The physical and mental state of detainee on the day of the visit was very poor after having his methadone cut on April 5. When the door opened in Room no. 4, Onţică was lying on the floor, his legs and head in spasms. He was holding a bottle of liquid detergent and claimed he had drunk from it. It was hard to check whether he had actually ingested the substance and how much of it. But the shaking and difficulty in walking (he was actually carried by two people) indicated a precarious state of health, to say the least. During the discussion at the medical ward and later, in a room inside the police station, Onţică had moments of lucidity alternating with moments of confusion and utter nervous breakdowns. Moreover, he sweated abundantly, vomited twice and repeatedly complained of massive pains in his body, that he “could no longer stand”. In the opinion of the representatives of the Association, all his symptoms were typical for withdrawal . Onţică suggested at some point that he had hidden a few more pills of methadone, so the actual withdrawal might have started a few days after being taken into custody. But the detainee was too incoherent to take the suggestion literally. On the other hand, the only medical notification is made by the Obregia Hospital doctor on 17 April, saying that the detainee suffered from post-withdrawal, because his methadone treatment had officially ceased on April 5, and the medical examination had taken place 12 days later, therefore after withdrawal had passed.
The same doctor recommended that he should be immediately admitted into hospital, but Onţică refused because he wanted to continue his methadone treatment, not to undergo detoxification. He also refused the medication prescribed by the Obegia Hospital , knowing that neither Tramadol nor Novocalmin, nor Diazepam nor Tiapridal could replace methadone. It must be said that Onţică received his methadone substitution treatment from CAIA Obregia, an institution located in the courtyard of the Obregia Hospital .
It must also be said that in Room no. 4 of the facility (eight detainees in eight bed, on a floor surface of about 16 sq m), the other six room mates (a seventh was in court that day) confirmed that Onţică suffered from crises every day.
4. The discussions between the representatives of APADOR-CH and the director Valentin Dragomir (before and after seeing Ninel Viorel Onţică) showed that even police can change their mentalities, at least in admitting that it is necessary to continue a substitution treatment started before arrest. The director talked to Onţică for hours, he sent a request to Rahova Penitentiary Hospital for his transfer, he took him to Obregia and would have had him admitted if the detainee had not objected. In the opinion of the representatives of the Association, the only immediate solution in this case would be to take Onţică to CAIA, to get the necessary amount of methadone , or to have CAIA staff come to the facility to continue his treatment. Given the time pressure (our visit took place on a Friday and CAIA does not distribute substitutes on weekends), the director gave assurances that he would press for approval from the Medical Direction of the MoI for one of these two solutions. The representatives of the Association asked to be kept informed on the results.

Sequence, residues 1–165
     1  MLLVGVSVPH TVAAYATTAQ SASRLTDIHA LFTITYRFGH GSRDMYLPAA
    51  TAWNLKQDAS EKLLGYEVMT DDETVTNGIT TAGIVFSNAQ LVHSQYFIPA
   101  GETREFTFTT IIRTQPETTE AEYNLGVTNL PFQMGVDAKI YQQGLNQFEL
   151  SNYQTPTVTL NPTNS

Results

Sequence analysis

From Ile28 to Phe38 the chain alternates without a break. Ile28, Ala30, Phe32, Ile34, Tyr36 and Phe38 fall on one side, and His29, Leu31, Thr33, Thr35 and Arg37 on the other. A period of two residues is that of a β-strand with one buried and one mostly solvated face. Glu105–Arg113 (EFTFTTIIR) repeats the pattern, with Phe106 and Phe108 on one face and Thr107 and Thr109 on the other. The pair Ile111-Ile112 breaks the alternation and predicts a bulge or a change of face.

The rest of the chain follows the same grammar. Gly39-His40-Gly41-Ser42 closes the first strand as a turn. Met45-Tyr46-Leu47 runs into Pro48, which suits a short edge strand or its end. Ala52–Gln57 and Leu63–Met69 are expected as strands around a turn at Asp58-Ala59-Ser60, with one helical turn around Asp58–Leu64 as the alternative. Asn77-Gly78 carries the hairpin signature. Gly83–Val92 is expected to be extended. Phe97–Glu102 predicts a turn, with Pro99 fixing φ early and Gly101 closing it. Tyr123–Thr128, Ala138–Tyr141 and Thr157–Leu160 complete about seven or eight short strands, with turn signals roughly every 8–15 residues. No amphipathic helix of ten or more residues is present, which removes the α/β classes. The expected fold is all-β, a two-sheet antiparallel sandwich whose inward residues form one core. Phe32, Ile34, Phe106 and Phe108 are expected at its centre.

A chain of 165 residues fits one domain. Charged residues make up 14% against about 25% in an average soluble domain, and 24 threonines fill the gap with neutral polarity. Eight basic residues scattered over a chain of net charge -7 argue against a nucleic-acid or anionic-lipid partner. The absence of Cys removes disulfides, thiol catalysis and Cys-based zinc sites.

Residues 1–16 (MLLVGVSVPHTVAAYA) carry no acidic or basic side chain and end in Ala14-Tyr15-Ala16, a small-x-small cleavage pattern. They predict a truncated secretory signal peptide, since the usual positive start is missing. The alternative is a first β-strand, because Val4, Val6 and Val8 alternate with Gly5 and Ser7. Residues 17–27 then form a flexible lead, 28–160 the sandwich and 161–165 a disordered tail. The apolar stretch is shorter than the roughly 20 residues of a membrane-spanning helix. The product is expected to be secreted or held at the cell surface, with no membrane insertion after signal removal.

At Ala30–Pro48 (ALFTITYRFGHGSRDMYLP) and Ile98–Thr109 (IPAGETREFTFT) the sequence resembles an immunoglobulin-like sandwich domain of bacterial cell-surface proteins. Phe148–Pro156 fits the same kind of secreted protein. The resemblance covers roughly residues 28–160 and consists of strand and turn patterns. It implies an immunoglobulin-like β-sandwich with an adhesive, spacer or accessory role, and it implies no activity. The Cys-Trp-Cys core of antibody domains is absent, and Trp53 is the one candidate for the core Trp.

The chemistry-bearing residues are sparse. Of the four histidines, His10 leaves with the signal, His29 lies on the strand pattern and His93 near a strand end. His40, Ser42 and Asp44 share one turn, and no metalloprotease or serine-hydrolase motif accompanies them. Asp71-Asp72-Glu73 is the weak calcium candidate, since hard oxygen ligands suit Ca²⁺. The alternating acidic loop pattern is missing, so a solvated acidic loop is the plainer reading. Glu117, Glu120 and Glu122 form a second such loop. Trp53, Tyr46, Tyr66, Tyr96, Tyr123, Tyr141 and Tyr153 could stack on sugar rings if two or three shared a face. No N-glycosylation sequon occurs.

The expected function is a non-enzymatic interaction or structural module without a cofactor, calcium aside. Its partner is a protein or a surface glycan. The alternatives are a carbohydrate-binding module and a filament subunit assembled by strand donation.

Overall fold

• The court will decide on April 24 whether Onţică has to serve any more time in prison. If there are any days left from his term, he will be transferred to Rahova Penitentiary Hospital , where his methadone treatment will be continued. If not, he will be set free. But the 20 days of deprivation of treatment are, in the opinion of APADOR-CH, inhuman treatment, as defined by the European Court for Human Rights. The responsibility goes mainly to the Medical Direction of the MoI, where procedures for continuing substitute treatment in police custody facilities are stalled;
• The management of the Bucureşti General Police Direction had its hands tied in this case. All the efforts to transfer Onţică to the Rahova Hospital and to take him to the Obregia Hospital and the willingness to have him admitted there, the long discussions with the detainee, all remained fruitless. What the Police Direction should have done from the very start was to ask the Medical Direction to allow CAIA to step in, in the absence of procedures for continuing methadone treatment in the facility ;
• APADOR-CH asks the Medical Direction of the MoI to complete with celerity all the necessary procedures for the continuation of substitute treatment in police custody facilities. The Association reminds that substitute treatment is explicitly stipulated in normative acts which are in force: the Order of the Minister of Justice no. 1216/2006 on running integrated medical, psychological and social assistance programs for drug users deprived of freedom and Joint Order no. 282/2007 of the Ministry of Interior and Administration reform, the Ministry of Public Health and the Ministry of Labor, Family and Equality of Chances. These normative documents describe the situation of a drug addict under treatment who is deprived of freedom as a “special situation” and set clear responsibilities for the continuation of substitution treatment .
Manuela Ştefănescu Nicoleta Andreescu